Having a rod that can withstand tremendous stress is important when you have a fish on the line. whether you have a larger fish on the line or a small one you want to be sure that your rod is up to the task. 

Build Quality

The process of how a rod is created is just as important, if not more important than the materials used to create them. Without the proper process or techniques when building a rod, it could result in a shorter rod life, breaking under stress, and simply an unusable rod. 

Though there are many different processes for every type of material and application. The first step in inspecting a rod is simply looking for imperfections and faults that you could detect with the naked eye.  

Types of Materials Used

Earlier fishing rods were made from all sorts of materials, bamboo is one of the most commonly used. In this day and age, most rods are made of fiberglass or carbon fiber. Thought carbon fiber is lighter and stronger than fiberglass in most situations, most fisherman will resort to using fiberglass build rods due to the cost and it's proven performance. Other materials like other plastics, wood, and even pieces of metal are incorporated into a fiberglass rod design to improve flexibility or rigidity. Rod types exist to leverage the design and construction, in order to be optimal for certain fish. 


Fiberglass is formed when a mixture is melted into a liquid in order to create molten glass. The molten glass is then pushed out from a device that uses many small holes(AKA spinnerets). Once the molten glass flows through the small holes, it cools into fibers which are then spun into threads. These threads and the patterns are the keys to having a rod that is stiff or more flexible.

Carbon Fiber

Carbon fiber is created based on different types of synthetic fibers. The fibers are long chains of molecules that make up the synthetic fibers. The fibers are heated, in order to filter out atoms except for carbon atoms. This results in creating sheets of carbon which can be used to be woven into sheets. These sheets are dipped in a liquid plastic resin that helps protect and also provide some support. Carbon fiber is generally a more expensive material to use since the process is long and requires advanced equipment. 


Though using bamboo is pretty much obsolete among modern fisherman, it is important to understand why bamboo was such a great plant to use for fishing. Bamboo was used in the early days of fishing due to the lightweight and strength properties of the plant. The many fibers that make up the plant give the rod strength. You can see this building trend when using carbon fiber and fiberglass.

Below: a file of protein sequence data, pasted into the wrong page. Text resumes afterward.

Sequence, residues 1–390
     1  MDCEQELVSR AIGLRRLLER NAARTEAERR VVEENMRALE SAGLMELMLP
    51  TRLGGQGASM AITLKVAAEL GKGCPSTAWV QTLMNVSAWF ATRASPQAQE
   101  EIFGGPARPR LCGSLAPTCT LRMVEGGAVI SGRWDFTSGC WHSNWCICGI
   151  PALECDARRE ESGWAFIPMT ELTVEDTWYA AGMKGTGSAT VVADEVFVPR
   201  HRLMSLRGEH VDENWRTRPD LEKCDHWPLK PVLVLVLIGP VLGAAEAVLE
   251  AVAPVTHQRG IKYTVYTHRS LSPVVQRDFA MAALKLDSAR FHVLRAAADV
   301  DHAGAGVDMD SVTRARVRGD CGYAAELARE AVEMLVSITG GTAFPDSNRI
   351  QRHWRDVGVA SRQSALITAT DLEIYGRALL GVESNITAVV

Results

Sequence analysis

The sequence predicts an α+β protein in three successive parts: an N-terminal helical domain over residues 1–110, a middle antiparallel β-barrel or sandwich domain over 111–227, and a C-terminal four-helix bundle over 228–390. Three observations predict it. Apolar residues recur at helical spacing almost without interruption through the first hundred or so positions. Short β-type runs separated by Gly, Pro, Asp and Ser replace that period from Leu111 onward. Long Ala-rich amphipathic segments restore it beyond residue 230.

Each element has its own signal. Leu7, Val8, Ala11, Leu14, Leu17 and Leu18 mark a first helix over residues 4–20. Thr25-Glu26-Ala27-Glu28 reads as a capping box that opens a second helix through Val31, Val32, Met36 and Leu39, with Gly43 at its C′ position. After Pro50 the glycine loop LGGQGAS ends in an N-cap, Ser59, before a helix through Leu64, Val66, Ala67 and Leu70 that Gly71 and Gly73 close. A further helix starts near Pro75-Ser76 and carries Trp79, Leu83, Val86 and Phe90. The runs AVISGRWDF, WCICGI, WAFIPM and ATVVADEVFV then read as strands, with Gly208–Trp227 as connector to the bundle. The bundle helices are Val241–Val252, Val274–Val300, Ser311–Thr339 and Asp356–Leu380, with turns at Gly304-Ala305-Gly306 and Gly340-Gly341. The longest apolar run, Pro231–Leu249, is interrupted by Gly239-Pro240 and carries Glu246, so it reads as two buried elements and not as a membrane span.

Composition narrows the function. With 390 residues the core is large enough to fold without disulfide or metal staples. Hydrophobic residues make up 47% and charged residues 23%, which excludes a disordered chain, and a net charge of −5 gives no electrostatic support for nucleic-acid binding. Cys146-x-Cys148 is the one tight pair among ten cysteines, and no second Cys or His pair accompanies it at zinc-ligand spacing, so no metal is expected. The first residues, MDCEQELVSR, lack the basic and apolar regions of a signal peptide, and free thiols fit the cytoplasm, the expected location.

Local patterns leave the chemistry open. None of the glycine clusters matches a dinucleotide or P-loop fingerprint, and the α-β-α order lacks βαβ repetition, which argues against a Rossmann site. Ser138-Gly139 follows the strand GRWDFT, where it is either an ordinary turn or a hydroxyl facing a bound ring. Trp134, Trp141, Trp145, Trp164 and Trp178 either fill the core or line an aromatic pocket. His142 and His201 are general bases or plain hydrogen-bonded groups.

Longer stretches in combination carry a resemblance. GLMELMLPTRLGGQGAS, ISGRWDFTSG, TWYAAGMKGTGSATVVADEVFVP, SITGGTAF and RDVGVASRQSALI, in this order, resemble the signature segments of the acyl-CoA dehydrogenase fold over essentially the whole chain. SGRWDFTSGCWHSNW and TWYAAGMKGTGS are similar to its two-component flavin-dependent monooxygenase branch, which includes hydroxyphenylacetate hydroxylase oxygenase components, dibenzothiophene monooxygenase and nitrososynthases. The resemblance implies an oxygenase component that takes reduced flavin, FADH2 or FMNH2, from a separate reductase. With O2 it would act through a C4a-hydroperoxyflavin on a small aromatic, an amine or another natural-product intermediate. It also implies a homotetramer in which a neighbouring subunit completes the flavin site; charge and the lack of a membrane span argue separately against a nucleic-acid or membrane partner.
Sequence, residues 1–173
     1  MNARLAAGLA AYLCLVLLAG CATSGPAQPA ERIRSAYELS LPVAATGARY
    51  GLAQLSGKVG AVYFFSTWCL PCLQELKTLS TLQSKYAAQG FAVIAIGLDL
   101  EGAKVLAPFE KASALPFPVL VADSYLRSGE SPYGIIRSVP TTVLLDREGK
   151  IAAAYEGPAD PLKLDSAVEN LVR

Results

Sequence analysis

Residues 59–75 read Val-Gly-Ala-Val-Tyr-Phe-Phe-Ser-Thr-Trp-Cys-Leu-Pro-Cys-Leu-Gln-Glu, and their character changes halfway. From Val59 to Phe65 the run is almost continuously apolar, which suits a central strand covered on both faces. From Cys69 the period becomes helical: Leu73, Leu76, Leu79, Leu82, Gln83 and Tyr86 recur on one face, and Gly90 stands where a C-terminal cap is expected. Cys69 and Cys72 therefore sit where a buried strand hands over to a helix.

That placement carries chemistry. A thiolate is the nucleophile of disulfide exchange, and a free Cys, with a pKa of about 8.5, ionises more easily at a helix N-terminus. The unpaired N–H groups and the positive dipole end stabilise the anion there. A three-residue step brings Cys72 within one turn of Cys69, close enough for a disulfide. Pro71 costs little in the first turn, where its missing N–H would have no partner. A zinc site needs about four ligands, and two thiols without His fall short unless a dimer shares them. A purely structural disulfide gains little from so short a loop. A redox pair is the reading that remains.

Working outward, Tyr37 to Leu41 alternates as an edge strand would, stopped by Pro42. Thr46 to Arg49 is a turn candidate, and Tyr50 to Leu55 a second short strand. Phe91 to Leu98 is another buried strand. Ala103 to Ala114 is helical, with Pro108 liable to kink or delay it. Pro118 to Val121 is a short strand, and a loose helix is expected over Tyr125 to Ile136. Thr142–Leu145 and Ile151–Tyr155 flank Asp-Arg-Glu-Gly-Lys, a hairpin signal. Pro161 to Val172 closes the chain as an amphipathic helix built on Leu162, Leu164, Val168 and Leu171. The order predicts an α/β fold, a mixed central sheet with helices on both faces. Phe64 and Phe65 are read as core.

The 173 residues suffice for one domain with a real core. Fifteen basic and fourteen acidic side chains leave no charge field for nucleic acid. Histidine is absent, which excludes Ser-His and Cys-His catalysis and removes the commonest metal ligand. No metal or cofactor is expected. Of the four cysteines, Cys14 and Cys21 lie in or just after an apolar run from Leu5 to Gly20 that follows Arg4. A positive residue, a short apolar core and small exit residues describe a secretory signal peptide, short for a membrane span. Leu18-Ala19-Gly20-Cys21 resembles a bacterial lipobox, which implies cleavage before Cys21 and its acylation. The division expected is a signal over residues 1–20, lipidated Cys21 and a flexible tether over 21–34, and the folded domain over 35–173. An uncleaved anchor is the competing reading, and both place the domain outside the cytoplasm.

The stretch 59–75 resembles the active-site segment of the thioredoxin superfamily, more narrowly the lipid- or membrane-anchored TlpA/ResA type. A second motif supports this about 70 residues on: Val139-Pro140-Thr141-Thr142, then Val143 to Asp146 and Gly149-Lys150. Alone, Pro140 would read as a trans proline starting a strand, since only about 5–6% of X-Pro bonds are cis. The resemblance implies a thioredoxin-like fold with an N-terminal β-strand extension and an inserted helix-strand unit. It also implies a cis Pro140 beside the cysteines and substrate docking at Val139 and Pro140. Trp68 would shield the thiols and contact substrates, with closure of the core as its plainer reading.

Benefits of Materials

Though the way these materials below are applied make a significant difference when it comes to quality and stiffness, we will address some general benefits of each type. 


Fiberglass as a material can be judged based on the purity of the threads and the process when creating the fiberglass. As a result of advancements in fiberglass production, this material is usually cheaper and consistently higher in quality. 

Carbon Fiber

When it comes to carbon fiber, there are two parts of the material that is crucial to the material's effectiveness. 

The Weave

In order to create the sheets of carbon fiber, the synthetic fibers must be woven tightly together to create a robust material. The process of how the threads are woven to create strategic patterns for strength are important. 


The second part of layering the carbon fiber layers is just as important as layering the synthetic fibers. After the sheets are created, they must be layered and fused together using resin. If the layering is done poorly the sheets may not hold as they should, which could create fractures or breaks. 


Bamboo comes with many natural properties that make them great for being used for fishing rods. Bamboo would arguably the cheapest since the plant could be chopped down for free(where legal). The bamboo's strength comes from the numerous fibers that run along the entirety of the plant. These fibers depend on one another for strength and flexibility.  

Which Rod Type is Right for me?

I think it goes without saying but it really does depend on what type of fish you are going after. Generally the common to avid fisherman will most likely purchase a fiberglass rod. Two factors you want to heavily consider when purchasing a rod is the design and the thickness. You do not want to immediately go for the strongest and thickest rod. Do your due diligence and research the fish you are trying to catch and build your set up in accordance with the fish and where you plan on fishing. 


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